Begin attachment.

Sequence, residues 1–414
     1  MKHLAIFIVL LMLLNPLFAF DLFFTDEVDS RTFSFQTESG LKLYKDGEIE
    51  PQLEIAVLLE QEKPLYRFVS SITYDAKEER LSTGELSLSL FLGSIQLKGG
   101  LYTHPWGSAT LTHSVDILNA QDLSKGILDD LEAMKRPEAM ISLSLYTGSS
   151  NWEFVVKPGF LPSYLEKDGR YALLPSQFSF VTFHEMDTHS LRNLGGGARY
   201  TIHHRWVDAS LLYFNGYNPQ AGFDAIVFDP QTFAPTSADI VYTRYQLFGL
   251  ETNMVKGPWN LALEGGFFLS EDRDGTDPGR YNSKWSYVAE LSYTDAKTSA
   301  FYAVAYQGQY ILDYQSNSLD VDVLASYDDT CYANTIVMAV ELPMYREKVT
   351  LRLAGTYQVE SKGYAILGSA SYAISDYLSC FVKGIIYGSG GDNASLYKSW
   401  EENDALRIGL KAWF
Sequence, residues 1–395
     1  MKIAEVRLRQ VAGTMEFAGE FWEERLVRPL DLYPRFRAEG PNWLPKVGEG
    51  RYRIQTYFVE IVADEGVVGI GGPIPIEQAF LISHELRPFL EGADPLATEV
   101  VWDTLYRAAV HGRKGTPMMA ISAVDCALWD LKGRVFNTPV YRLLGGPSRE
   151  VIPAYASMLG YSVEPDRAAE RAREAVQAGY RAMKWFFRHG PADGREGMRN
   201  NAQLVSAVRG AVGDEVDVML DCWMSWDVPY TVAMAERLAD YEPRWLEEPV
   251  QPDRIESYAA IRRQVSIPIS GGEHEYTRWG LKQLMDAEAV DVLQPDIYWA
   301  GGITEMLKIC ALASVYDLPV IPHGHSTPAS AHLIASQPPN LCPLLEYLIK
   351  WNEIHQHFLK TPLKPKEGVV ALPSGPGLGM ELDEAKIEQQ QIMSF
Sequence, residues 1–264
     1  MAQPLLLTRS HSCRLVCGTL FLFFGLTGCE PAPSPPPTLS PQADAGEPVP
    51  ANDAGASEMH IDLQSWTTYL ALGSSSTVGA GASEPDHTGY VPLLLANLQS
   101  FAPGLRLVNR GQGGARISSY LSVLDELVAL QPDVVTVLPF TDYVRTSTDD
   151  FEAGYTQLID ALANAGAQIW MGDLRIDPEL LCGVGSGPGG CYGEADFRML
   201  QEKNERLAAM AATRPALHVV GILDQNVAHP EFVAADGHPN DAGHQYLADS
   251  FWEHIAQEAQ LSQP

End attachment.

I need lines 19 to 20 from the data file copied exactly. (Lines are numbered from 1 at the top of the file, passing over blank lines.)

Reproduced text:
   351  WNEIHQHFLK TPLKPKEGVV ALPSGPGLGM ELDEAKIEQQ QIMSF
Sequence, residues 1–264